I read here that an m-way B-Tree can have m only odd.
Is that really true?
I've used 2,4 trees that allow a maximum of 4 child linkages for each node (and a minimum of 2).
Isn't this a 4-way B-Tree?
I read here that an m-way B-Tree can have m only odd.
Is that really true?
I've used 2,4 trees that allow a maximum of 4 child linkages for each node (and a minimum of 2).
Isn't this a 4-way B-Tree?
Is that really true?
The powerpoint says that the number m should always be odd, not that it must be. Hopefully the course that the powerpoint supplements would cover the reasoning for that. I assume it's due to simplified splitting and merging algorithms.
If m is even, during splitting, we can choose to keep an extra key in either of the nodes right?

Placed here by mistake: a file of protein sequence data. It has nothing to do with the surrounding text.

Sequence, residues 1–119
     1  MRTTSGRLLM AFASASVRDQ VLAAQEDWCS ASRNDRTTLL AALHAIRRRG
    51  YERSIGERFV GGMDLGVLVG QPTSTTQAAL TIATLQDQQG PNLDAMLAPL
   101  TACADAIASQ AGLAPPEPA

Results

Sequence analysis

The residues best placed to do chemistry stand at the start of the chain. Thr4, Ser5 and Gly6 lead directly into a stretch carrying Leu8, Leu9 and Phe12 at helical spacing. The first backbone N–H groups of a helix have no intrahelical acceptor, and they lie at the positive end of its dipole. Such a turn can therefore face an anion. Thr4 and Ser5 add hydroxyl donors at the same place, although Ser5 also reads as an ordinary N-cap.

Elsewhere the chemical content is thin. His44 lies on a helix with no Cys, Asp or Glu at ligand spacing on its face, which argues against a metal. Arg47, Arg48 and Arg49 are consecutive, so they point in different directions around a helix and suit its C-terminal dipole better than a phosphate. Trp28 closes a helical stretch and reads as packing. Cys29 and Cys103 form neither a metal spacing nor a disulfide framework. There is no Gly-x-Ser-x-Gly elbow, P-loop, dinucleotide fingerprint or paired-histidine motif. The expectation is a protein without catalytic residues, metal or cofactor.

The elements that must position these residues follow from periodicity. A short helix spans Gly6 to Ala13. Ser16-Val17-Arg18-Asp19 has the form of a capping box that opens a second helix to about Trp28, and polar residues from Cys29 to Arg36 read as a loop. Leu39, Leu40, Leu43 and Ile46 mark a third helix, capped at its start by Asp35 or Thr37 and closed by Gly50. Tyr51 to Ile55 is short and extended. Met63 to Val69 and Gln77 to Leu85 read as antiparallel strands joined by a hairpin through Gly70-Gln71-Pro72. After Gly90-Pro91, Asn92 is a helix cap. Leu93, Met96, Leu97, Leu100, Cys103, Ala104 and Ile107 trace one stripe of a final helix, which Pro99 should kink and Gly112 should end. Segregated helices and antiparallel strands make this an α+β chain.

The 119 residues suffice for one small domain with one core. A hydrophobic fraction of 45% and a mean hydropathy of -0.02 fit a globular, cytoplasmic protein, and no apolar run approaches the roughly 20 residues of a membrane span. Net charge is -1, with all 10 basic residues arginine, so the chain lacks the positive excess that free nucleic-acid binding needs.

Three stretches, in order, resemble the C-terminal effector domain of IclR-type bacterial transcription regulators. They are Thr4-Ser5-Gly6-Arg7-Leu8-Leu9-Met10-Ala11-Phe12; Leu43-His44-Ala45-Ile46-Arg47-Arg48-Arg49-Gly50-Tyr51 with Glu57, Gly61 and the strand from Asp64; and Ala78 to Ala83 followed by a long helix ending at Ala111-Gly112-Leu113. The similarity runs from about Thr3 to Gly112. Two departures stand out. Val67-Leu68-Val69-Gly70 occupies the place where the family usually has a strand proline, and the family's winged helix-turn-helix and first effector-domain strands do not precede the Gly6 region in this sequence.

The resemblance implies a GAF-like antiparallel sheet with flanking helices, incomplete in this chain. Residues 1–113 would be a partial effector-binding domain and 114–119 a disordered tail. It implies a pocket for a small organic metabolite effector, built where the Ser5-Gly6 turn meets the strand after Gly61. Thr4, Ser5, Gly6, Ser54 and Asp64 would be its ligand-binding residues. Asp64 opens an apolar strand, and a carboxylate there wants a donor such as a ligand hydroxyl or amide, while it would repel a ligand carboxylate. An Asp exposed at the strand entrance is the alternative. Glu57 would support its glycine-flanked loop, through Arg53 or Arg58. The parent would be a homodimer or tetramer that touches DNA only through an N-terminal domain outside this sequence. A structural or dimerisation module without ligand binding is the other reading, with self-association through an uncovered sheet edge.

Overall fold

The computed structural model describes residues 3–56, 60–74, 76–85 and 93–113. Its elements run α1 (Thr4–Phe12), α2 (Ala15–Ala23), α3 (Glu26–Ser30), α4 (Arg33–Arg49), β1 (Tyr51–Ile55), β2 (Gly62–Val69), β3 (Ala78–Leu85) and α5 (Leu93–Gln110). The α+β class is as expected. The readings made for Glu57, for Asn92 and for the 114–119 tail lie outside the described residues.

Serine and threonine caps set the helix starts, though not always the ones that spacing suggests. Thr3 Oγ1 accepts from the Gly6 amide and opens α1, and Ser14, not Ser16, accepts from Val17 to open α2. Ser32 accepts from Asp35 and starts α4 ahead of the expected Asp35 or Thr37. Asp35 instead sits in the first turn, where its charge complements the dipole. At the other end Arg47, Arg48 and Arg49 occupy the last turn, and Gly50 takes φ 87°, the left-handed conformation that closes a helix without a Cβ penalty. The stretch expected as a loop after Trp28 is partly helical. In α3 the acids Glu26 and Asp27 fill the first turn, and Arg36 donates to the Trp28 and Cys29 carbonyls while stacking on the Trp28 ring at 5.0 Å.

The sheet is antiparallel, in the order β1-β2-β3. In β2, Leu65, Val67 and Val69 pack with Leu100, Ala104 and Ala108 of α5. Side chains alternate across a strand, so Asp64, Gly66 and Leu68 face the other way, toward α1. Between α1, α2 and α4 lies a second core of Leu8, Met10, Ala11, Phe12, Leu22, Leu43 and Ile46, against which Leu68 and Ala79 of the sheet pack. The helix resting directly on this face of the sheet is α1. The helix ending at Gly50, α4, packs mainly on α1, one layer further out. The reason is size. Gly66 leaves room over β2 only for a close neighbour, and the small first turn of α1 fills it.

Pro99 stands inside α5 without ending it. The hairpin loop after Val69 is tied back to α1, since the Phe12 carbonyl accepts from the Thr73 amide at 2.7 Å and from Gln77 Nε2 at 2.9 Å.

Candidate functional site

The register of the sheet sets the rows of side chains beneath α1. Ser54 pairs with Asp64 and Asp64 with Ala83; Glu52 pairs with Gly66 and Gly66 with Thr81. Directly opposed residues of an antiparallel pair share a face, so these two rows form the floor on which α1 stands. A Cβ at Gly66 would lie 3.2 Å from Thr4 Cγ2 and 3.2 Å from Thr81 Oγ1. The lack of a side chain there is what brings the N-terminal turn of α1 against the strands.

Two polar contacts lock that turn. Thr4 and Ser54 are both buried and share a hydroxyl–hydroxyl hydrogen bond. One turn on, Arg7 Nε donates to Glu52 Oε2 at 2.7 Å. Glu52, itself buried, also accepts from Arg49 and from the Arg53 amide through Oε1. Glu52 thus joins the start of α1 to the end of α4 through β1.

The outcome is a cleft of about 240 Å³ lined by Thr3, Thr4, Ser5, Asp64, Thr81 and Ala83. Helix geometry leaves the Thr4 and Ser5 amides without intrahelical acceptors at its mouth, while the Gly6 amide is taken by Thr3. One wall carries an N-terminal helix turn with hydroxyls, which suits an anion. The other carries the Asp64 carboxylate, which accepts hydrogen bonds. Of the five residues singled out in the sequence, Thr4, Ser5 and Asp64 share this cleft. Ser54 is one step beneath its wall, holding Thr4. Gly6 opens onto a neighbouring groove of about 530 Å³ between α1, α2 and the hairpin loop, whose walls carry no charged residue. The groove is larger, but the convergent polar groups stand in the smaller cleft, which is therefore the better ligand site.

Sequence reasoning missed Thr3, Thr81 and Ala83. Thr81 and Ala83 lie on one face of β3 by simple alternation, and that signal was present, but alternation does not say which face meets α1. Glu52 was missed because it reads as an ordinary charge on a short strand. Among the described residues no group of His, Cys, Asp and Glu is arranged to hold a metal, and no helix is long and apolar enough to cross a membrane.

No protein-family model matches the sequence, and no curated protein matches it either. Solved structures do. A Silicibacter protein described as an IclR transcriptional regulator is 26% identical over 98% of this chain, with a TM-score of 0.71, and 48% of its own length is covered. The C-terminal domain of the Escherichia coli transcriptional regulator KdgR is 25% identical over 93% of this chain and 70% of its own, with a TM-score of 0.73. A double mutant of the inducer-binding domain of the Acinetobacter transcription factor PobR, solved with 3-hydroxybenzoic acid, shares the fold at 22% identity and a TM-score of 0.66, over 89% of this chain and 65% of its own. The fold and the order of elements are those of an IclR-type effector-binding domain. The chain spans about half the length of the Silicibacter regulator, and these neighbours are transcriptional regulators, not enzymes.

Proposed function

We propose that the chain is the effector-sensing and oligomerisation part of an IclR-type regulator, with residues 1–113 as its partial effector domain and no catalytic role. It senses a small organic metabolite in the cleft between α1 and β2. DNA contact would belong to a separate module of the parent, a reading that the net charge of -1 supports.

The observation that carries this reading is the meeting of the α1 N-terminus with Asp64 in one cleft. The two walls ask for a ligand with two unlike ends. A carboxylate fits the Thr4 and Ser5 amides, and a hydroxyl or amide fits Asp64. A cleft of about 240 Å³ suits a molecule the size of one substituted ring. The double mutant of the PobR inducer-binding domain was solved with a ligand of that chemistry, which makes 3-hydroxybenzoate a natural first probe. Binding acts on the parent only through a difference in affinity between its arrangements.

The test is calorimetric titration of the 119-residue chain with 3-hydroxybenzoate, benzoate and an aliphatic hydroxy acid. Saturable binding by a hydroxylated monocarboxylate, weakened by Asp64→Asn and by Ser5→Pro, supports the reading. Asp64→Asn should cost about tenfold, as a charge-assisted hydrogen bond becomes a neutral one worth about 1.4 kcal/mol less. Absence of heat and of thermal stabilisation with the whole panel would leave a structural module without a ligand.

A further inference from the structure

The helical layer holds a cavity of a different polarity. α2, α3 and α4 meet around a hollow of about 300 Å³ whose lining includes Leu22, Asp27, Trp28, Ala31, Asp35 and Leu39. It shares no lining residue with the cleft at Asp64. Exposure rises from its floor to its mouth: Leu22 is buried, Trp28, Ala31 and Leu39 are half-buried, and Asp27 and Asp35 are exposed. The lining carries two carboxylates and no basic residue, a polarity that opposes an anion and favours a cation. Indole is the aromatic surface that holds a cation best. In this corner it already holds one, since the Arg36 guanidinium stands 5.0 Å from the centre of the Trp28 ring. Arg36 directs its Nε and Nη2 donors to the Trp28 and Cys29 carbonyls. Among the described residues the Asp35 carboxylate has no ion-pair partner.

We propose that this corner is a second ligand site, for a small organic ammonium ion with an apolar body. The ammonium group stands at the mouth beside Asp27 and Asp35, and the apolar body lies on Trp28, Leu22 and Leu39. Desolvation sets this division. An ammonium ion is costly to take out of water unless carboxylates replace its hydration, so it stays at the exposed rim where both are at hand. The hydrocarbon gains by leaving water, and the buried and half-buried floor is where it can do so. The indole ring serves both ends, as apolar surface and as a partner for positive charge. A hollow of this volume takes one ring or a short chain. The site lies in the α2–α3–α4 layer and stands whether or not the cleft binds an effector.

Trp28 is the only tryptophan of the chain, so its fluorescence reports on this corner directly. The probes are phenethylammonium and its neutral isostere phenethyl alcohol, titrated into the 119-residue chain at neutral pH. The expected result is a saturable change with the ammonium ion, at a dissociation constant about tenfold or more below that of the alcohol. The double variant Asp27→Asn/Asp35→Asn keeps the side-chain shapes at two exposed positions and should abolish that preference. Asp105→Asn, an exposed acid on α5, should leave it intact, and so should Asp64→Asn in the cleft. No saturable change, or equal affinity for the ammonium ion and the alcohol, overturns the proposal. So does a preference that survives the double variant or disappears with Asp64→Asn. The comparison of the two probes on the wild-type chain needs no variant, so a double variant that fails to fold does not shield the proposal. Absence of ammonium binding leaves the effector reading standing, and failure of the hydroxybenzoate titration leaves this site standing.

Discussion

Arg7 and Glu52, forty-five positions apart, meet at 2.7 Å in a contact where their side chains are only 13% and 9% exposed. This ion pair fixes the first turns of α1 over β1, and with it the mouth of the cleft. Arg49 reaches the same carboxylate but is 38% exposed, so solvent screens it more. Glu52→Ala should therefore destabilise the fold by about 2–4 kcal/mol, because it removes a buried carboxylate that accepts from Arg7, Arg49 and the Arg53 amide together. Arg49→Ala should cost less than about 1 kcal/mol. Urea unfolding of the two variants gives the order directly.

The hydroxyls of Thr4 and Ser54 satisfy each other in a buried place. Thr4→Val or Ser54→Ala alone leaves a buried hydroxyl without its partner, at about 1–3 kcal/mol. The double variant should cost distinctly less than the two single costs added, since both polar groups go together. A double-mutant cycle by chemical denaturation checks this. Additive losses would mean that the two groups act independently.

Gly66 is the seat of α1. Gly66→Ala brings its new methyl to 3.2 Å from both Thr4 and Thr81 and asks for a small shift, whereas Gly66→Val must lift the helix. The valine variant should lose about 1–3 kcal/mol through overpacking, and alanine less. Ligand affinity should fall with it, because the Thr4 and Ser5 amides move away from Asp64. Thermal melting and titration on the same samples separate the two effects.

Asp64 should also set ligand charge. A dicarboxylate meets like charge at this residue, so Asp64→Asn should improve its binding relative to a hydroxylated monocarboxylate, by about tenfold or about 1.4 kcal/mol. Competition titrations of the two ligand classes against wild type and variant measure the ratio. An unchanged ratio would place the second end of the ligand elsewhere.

And the minimum number of keys in a non-root node would be floor((m-1)/2)
. Correct?
If m is even, during splitting, we can choose to keep an extra key in either of the nodes right?
Of course.
And the minimum number of keys in a non-root node would be floor((m-1)/2). Correct?
That depends entirely on the variant of a B-Tree you're using. There's more than one, and the defining characteristic is often the amount of minimum/maximum fillage.
What are these variants?
I've read only 1 insertion algorithm for a B-Tree that will ensure that the formula for minimum keys I mentioned, holds.
What are these variants?
They're intuitively named, like B+Tree or B*Tree. ;)
Okay. Thank you :)
I always considered them as different from B-trees.